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Monday, November 23, 2015

Benford's Law and Unit and Dollar Product Sales

In my previous post, we looked at whether package sizes followed Benford's Law. We found that for individual categories (such as beer, or yogurt) the first digit of package sizes did not follow Benford's Law, but when we aggregated across products we did get a decent fit, especially considering we weren't quite expecting one.

Today we'll look at an area where we would expect to see Benford's Law apply -- the unit and dollar sales of items.  Once again, we'll use the IRI Marketing Data Set [1], but we'll just use two categories, beer and yogurt, so we don't show an overwhelming number of graphs. (Also because I have only looked at these two categories so far.)

Dollar sales in a week for a product (individual UPC, Universal Product Code) in a supermarket is easy to understand. Units is a bit trickier but corresponds to buying a package: for beer, a 6 pack, a 12 pack and a 24 pack are each one unit.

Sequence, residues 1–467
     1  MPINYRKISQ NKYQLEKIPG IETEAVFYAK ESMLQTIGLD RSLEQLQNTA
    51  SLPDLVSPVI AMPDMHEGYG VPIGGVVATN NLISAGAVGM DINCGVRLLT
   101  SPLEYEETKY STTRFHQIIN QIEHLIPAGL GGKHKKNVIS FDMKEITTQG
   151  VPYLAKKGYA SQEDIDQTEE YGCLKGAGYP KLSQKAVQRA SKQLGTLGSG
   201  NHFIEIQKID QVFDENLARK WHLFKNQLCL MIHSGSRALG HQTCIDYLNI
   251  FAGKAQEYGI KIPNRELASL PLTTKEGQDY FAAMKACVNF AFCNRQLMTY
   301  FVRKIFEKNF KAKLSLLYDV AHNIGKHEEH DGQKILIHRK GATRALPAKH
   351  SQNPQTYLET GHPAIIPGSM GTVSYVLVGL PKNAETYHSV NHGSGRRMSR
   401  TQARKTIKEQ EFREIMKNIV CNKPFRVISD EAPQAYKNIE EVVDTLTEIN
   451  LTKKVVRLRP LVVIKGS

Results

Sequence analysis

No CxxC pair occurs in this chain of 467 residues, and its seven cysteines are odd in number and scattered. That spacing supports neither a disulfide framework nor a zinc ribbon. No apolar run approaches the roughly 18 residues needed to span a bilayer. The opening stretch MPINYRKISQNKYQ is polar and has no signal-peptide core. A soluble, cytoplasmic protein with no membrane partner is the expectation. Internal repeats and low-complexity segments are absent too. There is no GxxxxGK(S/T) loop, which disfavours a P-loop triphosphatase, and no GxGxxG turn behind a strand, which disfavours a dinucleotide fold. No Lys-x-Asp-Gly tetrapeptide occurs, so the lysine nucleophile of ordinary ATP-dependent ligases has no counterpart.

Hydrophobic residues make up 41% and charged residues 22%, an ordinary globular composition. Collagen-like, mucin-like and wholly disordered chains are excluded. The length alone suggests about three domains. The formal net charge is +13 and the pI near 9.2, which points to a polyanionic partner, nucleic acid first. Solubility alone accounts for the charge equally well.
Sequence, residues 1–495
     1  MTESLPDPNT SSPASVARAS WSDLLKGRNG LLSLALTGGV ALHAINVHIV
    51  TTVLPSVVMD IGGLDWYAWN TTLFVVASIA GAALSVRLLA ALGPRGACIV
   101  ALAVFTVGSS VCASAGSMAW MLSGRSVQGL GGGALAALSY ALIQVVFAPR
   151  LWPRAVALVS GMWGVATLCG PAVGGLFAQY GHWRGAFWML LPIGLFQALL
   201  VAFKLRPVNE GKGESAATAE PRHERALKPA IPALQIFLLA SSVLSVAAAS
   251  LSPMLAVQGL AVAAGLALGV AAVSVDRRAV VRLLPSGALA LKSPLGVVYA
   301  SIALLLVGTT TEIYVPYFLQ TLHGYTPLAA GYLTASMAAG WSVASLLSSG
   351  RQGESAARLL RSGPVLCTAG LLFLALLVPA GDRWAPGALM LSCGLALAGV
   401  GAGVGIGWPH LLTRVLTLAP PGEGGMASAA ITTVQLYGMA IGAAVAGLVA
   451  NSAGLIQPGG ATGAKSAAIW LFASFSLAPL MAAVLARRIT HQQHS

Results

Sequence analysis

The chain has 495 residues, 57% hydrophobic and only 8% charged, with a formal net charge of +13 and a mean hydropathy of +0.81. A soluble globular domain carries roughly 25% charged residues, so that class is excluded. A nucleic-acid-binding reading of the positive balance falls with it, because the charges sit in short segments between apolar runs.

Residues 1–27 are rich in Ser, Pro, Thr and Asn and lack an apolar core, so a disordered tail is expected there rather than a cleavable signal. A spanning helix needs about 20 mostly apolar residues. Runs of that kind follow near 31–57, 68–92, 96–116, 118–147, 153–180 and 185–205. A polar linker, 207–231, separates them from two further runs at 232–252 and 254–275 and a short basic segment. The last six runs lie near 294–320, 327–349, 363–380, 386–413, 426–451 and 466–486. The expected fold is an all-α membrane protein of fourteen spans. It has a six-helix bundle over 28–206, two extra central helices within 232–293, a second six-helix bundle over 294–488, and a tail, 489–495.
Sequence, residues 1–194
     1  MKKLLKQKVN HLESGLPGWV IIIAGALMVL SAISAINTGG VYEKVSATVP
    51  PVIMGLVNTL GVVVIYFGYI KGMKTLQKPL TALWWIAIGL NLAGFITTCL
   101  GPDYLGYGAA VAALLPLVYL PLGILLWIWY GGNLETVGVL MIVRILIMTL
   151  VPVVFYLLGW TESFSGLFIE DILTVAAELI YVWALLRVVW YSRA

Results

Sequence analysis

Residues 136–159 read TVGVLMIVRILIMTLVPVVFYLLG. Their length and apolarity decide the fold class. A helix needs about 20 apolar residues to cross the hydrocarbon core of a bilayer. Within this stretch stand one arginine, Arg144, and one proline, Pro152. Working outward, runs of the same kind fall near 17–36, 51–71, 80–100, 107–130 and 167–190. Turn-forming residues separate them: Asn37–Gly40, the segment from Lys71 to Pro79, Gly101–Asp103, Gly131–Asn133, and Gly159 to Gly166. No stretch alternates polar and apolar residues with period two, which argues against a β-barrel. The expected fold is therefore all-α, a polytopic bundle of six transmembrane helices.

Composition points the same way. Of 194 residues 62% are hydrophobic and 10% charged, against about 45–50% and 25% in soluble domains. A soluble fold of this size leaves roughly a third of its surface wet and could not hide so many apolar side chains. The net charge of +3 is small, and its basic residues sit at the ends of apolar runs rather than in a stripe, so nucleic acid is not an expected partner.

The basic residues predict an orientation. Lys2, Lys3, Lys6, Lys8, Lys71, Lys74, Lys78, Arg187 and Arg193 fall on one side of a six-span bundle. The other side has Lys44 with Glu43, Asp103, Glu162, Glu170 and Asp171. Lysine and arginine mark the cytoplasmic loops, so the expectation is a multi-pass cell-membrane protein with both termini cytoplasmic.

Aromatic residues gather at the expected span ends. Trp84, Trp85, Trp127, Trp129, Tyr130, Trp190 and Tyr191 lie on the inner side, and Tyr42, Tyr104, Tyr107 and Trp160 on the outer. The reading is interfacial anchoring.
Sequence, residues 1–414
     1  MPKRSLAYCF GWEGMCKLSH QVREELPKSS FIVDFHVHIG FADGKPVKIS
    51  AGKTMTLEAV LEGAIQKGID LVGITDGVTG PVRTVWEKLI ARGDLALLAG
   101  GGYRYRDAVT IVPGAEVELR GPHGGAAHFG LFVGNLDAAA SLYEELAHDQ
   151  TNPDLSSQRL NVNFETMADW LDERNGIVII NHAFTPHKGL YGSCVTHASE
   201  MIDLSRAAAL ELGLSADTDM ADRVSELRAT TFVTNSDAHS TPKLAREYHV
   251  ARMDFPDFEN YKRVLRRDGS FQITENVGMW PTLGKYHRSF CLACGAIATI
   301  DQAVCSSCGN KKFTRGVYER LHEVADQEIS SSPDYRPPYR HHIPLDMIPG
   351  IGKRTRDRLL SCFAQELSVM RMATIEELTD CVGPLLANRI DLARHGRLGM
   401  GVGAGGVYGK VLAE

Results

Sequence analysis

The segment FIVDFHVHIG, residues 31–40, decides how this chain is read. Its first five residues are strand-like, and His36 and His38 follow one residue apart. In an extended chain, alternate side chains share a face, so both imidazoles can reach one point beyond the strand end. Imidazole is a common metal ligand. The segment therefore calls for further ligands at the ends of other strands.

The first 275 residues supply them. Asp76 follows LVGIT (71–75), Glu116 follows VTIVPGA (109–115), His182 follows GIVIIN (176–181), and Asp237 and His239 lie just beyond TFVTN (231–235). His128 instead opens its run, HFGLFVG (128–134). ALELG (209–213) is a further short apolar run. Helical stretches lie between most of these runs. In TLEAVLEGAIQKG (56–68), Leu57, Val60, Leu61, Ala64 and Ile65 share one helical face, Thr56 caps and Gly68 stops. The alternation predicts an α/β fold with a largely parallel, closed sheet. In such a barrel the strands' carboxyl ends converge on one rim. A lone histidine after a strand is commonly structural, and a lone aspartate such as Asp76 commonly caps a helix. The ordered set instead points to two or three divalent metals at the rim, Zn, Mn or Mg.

At the level of UPC - store - week (how many units are sold in this store this week for each product) there is a good fit for both yogurt and beer:



The number of observations is 112 million for beer and 141 million for yogurt.

Aggregation doesn't always help!

We expected that if we aggregated across products do look at category - store - week (e.g. total units of yogurt, across all products, sold in a store in a week) we would get a similar, maybe even a better fit.

But that turns out not to be the case.  The fit for beer on both dollars and units is poor -- basically except for a first digit of 1 being the most common, the rest of the distribution is flat.

Yogurt is better, but still substantially different from the Benford's Law expectation.




The number of observations is lower, because we've aggregated, but still high: 719 thousand for beer and 754 thousand for yogurt. With these sample sizes, significance tests are beside the point.

As to why Benford's Law fits at the UPC-store-week level but not at the category-store-week level, we haven't figured that out yet.  But maybe that's not really a consistent pattern.  We look at more categories in our next post:  http://www.truncatedthoughts.com/2015/11/benfords-law-in-consumer-packaged-goods.html 

[1] Bronnenberg, B. J., Kruger, M. W., & Mela, C. F. (2008). Database Paper—The IRI Marketing Data Set.Marketing Science27(4), 745–748. http://doi.org/10.1287/mksc.1080.0450